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The Elton John interview

Growing old disgracefully

The Elton John interview
Danielle de Wolfe
27 January 2011

Preconceptions are a lot like greatest hits albums. You know you shouldn’t really have them, but in reality, they involve a lot less work and are easy to listen to.

They’re also a lot like analogies in this introduction: very hard to avoid. Which is why, despite being trained, Jedi-style, to ignore them, I rock up to interview Sir Elton John at his Kensington offices with kid gloves, eggshell shoes and a well-oiled asterisk key, listening to Greatest Hits 1970-2002. If I’m about to encounter the potty-mouthed, titanium-tongued drama queen of tabloid stories and TV documentaries, I want to be prepared.

The man who greets me in the boardroom is not, however, sat bejewelled in a sedan chair, shouting at lackeys to scatter the table with endangered orchids and operate his lungs for him. He’s a polite, somewhat coy man in a dark suit, sat next to a table scattered with cookies, cupcakes and brownies from a previous meeting. On closer inspection, this man is definitely Elton John. He’s used to the assumptions.

“I’d say if anyone thinks of me now, they’ll think of flowers, tantrums, spending and glasses,” he says. “Mainly the tantrums. But I don’t really lose my temper these days.”

So, he doesn’t mind the many parody Eltons that have flounced their way through things like Bo’ Selecta!, Viz and Rock Profiles?

“I love them. I’m very thick-skinned. There’s nothing sacred. The one on Rock Profiles was f*cking brilliant,” he says.

Let’s be honest, you and I would assume he loves the attention. If Elton John were a houseplant, you’d expect instructions to keep him on a brightly lit pedestal and water daily with adoration. But the truth is never that simple. The 63-year-old’s skin may be thick, but it’s not one he has always felt comfortable in.

“I was quite an overweight young man and very shy,” he explains. “That shyness carried along with me until the early Nineties when I got sober. I was great on stage, but I wasn’t very good off stage. The stage was a haven. Because of my shyness and social ineptitude, I thought I needed to take drugs to join the gang. Cocaine meant I thought, ‘This is great, suddenly I can talk’. I had no common sense. I didn’t know how to be off stage. Wanna biscuit?”

About time you asked, I’m thinking, eyeing the white chocolate chip cookies. Then I notice he’s looking down towards the small black dog sitting between my feet. This, he tells me, is Arthur. He hasn’t, he tells Arthur in that special voice people save for pets and small children, got any biscuits. I suspect Arthur doesn’t believe him, but leaves anyway.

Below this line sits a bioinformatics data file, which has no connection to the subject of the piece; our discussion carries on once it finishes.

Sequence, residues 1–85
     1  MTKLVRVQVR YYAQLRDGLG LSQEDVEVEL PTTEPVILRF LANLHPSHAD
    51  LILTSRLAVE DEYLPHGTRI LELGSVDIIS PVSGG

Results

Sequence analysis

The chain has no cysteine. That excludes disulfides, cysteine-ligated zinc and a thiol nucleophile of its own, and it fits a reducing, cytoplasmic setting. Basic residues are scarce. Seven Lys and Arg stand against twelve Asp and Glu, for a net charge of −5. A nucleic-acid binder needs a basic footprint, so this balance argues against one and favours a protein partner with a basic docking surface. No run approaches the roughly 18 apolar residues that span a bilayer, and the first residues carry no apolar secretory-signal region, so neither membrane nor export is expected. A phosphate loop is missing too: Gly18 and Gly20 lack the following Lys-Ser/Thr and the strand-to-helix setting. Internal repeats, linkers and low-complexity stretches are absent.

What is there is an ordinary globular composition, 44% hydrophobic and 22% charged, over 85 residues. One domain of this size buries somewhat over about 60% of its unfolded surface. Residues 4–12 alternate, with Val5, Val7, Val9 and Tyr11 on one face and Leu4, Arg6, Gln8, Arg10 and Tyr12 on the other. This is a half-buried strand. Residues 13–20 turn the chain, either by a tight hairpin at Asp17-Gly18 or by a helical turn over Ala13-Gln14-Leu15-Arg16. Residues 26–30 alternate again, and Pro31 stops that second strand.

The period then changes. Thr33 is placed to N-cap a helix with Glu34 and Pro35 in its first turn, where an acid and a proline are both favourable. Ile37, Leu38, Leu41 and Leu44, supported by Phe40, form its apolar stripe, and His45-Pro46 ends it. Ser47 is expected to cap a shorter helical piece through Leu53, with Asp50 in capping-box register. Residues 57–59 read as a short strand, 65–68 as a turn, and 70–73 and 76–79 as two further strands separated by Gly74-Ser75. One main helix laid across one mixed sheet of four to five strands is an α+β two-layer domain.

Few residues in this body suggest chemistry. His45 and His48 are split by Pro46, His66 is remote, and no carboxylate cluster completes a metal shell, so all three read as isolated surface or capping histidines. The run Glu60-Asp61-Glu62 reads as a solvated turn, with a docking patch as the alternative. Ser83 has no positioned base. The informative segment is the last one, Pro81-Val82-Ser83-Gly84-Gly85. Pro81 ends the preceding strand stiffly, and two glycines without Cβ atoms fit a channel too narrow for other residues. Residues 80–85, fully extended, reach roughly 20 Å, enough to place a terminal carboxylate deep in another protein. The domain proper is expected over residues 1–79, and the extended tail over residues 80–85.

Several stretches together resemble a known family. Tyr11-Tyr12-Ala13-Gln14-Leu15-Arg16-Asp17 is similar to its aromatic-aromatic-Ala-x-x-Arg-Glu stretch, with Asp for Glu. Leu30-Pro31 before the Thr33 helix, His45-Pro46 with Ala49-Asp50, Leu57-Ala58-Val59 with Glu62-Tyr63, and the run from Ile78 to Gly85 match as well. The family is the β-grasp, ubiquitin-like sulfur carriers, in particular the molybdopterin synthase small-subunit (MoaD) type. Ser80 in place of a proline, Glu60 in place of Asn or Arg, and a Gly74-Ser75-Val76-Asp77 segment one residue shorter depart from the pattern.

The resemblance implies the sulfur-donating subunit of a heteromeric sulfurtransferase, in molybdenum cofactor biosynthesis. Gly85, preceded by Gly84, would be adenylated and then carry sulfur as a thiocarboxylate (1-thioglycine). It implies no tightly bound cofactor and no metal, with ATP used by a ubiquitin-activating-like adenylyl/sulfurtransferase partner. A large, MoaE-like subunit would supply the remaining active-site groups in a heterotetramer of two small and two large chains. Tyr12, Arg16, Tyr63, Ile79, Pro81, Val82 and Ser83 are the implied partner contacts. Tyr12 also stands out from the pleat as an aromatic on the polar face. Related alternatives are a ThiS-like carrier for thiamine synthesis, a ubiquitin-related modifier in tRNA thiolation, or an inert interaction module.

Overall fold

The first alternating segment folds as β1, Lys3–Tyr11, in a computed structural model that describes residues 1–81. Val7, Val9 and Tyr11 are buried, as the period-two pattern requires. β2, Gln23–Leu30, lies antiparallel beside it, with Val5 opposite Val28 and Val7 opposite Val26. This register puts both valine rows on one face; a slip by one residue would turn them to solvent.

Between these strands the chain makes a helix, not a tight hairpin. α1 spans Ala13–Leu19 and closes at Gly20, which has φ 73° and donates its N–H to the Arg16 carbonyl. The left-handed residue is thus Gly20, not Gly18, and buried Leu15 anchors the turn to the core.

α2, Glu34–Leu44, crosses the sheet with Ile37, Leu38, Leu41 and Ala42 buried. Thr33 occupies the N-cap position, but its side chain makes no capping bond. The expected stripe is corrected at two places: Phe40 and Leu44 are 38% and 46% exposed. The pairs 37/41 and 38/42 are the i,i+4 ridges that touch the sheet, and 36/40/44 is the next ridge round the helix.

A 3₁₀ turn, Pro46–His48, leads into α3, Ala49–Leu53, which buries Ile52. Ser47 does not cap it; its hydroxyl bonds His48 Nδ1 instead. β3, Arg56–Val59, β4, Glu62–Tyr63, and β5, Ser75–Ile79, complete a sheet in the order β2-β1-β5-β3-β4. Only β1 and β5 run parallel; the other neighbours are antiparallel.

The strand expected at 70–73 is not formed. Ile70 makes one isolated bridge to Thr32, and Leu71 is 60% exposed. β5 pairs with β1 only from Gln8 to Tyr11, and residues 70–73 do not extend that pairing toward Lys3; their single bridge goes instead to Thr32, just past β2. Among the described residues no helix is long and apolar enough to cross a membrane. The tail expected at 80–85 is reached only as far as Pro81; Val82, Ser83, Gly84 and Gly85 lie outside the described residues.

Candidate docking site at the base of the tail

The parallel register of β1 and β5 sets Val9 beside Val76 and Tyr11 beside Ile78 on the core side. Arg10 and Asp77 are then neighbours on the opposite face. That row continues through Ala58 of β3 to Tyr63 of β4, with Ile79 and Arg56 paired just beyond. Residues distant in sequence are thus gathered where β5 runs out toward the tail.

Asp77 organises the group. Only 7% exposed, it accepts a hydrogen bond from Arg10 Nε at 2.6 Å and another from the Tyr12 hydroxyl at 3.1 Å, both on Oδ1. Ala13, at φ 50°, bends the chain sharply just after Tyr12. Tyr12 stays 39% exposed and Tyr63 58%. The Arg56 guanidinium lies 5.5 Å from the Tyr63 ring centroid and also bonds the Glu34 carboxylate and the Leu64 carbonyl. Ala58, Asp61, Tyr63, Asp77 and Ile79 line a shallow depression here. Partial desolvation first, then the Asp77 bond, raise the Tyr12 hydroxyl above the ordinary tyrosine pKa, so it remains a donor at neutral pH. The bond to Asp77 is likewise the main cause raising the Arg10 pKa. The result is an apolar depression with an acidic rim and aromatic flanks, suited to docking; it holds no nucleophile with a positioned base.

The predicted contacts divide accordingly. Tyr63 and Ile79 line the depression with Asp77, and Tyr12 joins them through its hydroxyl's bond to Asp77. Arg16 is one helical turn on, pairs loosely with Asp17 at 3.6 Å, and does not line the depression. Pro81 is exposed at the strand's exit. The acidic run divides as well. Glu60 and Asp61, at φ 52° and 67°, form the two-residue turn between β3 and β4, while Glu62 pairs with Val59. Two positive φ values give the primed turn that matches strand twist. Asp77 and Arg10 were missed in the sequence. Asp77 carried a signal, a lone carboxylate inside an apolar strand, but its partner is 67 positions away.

It was a rare moment of courage in June 1967 by the shy, young Reg Dwight, as he was then, that created the crazily glazed Captain Fantastic that is Elton John. His first band, Bluesology, was backing established acts including Patti LaBelle and Long John Baldry, but Dwight thought they were “going nowhere”, so he answered an ad in the NME inviting acts to audition for Liberty Records.

While he wasn’t signed, Ray Williams, the label’s A&R man (and John’s manager for his first five albums), gave him one of the most important envelopes in pop music history: a batch of lyrics submitted by “some bloke in Lincolnshire”. That bloke turned out to be Bernie Taupin, and a now 43-year-old songwriting sponsored_longform was born.

“Can you believe the odds on that?” he says, still with genuine amazement. “Then, because nobody recorded the songs we were writing, they got us to record our own songs. It all kind of happened by accident. But because of the experience I had, I knew how to work a crowd, so I was ready.

“It wasn’t something I’d yearned for at school, to be Elton John. If I hadn’t gone to Liberty Records, I wouldn’t be sitting here now. I’d probably be living in a semi-detached, working in a record store. In fact, I did work in Musicland Records on Berwick Street on a Saturday with my friends, when I was Elton John and was successful in the early Seventies. People used to look at me as if to say ‘f*cking hell, what are you doing here?’ and I’d be selling them Soft Machine records.”

It was his second album, Elton John, that lit the touchpaper of his career, making the top five both here and in the US and starting a love affair between John, Taupin and the US that has seen his records consistently sell more Stateside than at home. And while he may not have courted this globe-straddling fame, he had no problem with being launched into superstardom.

“It was fabulous!” he exclaims without hesitation. “We toured, we did interviews. We were having so much fun.

I met Bob Dylan, I met George Harrison. Neil Young came and sang the whole of After The Gold Rush at my flat in Edgware Road. I enjoyed the success because it brought me into contact with people who I really admired and they validated what I was doing.

“Do I enjoy success now? Fame now is completely different. It’s not as innocent. I don’t want to be famous any more, I just want to make my music and have a nice life. But you have to play the game, promote your records, your movies, your musicals. But if I was young I’d hate it. I very rarely do interviews, and the interviews I do, I choose because they’re intelligent people. And my mouth tends to get me into trouble because we live in such a PC world.”